(GIF via YouTube)
For Nate Nichols, engaging youth on his terms involves opening up about his own personal experiences while mixing in some hip hop references for impact.
Just check out this speech that Nichols, the cofounder and CEO of creative digital marketing agency The Palette Group, gave last year to foster and homeless youth at Valley Youth House.
As someone who has experience being in the foster care system, has immigrant parents and grew up with a single parent, Nichols has made these kinds of speeches his creative outlet during which he’s “embracing my inner rapper,” he said in an email.
Nichols even refers to these public talks as his “singles,” and we can expect more of the same for his second single: “[Sixty] percent of my second single (talk for this year) is about Bad and Boujee. I say, ‘Rain Drop’ and the kids say, ‘Drop Top.’ #savagesauce.”
But Nichols wants these kinds of youth engagement efforts to include more people from the local community. It’s why he’s starting an event series called Odds Against Odds to bring together likeminded “savages” with similar goals in one space to have non-traditional discussions about this topic.
The series is kicking off this coming Monday at coworking space The Yard, which just opened its first Philly location last week.
The kickoff event, as its page says, is “not quite a panel and not quite a fireside chat … somewhere in-between,” and Nichols, as the moderator, is set to ask some real questions — e.g., “How do you suppose we teach youth to break outside of the rudimentary school system and strive for upward societal strides?” — to each of these local education leaders:
- Miles Wilson, CEO of Education Works
- April Kae, an education blogger who created independent music group and social justice movement website Imanigold
- Chris Rogers, founder of edtech startup JustMaybeCo
- Michael O’Bryan, senior manager of youth programs at the Village of Arts and Humanities (who was just named one of four Philly recipients of the Emerging City Champions fellowship to create a project that enhances “public spaces, mobility or civic engagement”)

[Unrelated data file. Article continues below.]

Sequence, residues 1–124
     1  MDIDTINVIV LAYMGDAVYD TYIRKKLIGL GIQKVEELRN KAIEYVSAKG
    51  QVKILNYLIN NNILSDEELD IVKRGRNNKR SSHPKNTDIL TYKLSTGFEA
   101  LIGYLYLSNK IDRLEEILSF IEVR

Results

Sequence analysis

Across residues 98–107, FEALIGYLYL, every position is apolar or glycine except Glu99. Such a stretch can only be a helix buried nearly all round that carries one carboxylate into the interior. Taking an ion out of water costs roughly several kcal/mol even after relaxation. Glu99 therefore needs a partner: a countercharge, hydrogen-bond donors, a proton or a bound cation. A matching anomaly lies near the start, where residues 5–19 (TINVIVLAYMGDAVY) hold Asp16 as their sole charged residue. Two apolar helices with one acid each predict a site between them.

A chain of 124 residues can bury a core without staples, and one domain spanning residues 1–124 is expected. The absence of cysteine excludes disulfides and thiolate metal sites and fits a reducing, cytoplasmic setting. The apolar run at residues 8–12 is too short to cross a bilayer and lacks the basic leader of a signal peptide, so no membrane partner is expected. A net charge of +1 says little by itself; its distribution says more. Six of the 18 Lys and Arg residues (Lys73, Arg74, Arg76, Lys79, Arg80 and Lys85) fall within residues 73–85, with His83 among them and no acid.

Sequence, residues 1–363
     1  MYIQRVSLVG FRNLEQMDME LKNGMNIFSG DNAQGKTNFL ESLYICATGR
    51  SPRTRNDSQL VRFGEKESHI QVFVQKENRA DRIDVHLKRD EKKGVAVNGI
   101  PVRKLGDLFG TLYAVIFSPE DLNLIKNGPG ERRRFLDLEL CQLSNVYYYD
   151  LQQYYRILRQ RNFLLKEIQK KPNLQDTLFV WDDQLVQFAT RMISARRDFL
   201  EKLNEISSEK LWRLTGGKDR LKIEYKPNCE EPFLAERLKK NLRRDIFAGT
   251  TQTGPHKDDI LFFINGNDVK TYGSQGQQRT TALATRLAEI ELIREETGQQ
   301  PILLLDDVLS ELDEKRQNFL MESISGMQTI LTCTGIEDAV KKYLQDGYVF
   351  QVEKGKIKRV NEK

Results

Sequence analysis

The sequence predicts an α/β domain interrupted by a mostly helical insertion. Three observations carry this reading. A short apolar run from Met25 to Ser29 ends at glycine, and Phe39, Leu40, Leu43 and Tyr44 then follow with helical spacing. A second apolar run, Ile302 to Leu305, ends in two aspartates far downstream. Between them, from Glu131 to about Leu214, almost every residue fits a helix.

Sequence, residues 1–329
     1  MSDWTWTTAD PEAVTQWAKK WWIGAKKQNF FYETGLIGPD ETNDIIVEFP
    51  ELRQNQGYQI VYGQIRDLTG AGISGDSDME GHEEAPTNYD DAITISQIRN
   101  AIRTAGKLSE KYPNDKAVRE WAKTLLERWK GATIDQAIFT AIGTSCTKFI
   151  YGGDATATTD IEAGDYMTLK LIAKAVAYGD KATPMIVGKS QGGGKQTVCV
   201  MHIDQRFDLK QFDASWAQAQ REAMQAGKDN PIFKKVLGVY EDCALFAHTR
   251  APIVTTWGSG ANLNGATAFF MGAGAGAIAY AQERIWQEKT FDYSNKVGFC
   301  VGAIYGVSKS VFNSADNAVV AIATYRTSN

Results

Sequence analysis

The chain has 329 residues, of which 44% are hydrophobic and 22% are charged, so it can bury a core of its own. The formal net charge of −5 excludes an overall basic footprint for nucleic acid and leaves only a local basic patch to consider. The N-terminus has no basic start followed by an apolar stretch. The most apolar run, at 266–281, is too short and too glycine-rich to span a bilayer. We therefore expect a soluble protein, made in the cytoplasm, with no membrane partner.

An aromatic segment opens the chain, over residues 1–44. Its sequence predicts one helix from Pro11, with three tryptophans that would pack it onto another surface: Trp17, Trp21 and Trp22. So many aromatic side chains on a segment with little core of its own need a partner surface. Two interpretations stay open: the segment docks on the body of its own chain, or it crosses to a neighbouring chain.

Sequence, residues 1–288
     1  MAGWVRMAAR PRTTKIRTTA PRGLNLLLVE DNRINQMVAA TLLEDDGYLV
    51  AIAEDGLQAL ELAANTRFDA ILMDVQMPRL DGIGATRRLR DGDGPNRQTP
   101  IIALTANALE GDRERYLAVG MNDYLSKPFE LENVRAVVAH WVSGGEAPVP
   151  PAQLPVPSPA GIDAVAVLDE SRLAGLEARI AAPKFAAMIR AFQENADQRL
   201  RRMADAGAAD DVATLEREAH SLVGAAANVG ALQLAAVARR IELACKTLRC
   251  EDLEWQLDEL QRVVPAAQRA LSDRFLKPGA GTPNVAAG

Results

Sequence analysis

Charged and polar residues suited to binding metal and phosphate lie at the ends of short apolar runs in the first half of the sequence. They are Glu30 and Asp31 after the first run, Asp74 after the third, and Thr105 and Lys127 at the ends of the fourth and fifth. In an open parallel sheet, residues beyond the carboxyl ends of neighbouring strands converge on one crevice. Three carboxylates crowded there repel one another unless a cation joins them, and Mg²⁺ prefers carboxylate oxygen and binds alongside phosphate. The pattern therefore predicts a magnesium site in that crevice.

- Phil Brooks, program manager at STEMcityPHL, who helps bring STEM professionals into elementary schools for “high-impact mentoring”
The ultimate goal for Nichols? He hopes to inspire and expose future opportunities to more than 10,000 local youth by the end of the year. Last year, he said he was able to reach out to more than 1,000 youth across the city with his involvement in the U.S. Department of Education’s GEAR UP initiative, which included local summer programs for inner-city youth where he spoke and presented this short self-produced documentary on his background:
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It was during those times last year where Nichols got the inspiration for this upcoming series, from the reactions he received, some in the form of handwritten letters not only thanking him but connecting with him and his experiences.
“When I read the letters I saw self-expression going beyond hearing about my professional life, but they were being empathetic to my challenges, and they genuinely cared for me,” he said. “Here I am, having a group of middle schoolers empathizing for me.”
Those personal connections — “a gateway, digital or physical, to youth,” Nichols said — are key to the workforce development opportunities that leaders and role models like himself could provide.
“The kids on the block of my studio knock on my door from time to time to have a quick chat,” he said. “They wanna see what we’re up to and they sometimes need a small favor like a photoshoot for their school basketball team.
“[If] they have ideas, embrace and empower them. Help them synthesize their thoughts and ideas to get to the core of their expression and very simply work with them for one hour, once a week. Additionally, a TON of the youth I engage at schools follow me on Instagram and we continue our relationship digitally, I get to sustain a relationship and we get to check in from time to time.”-30-
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